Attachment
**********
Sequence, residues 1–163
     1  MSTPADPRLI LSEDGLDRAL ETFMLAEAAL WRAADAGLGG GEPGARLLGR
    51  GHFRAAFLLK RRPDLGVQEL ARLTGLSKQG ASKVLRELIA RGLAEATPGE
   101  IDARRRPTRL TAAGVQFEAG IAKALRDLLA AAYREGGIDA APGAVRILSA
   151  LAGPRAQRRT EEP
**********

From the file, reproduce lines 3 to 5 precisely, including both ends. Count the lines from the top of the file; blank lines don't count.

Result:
    51  GHFRAAFLLK RRPDLGVQEL ARLTGLSKQG ASKVLRELIA RGLAEATPGE
   101  IDARRRPTRL TAAGVQFEAG IAKALRDLLA AAYREGGIDA APGAVRILSA
   151  LAGPRAQRRT EEP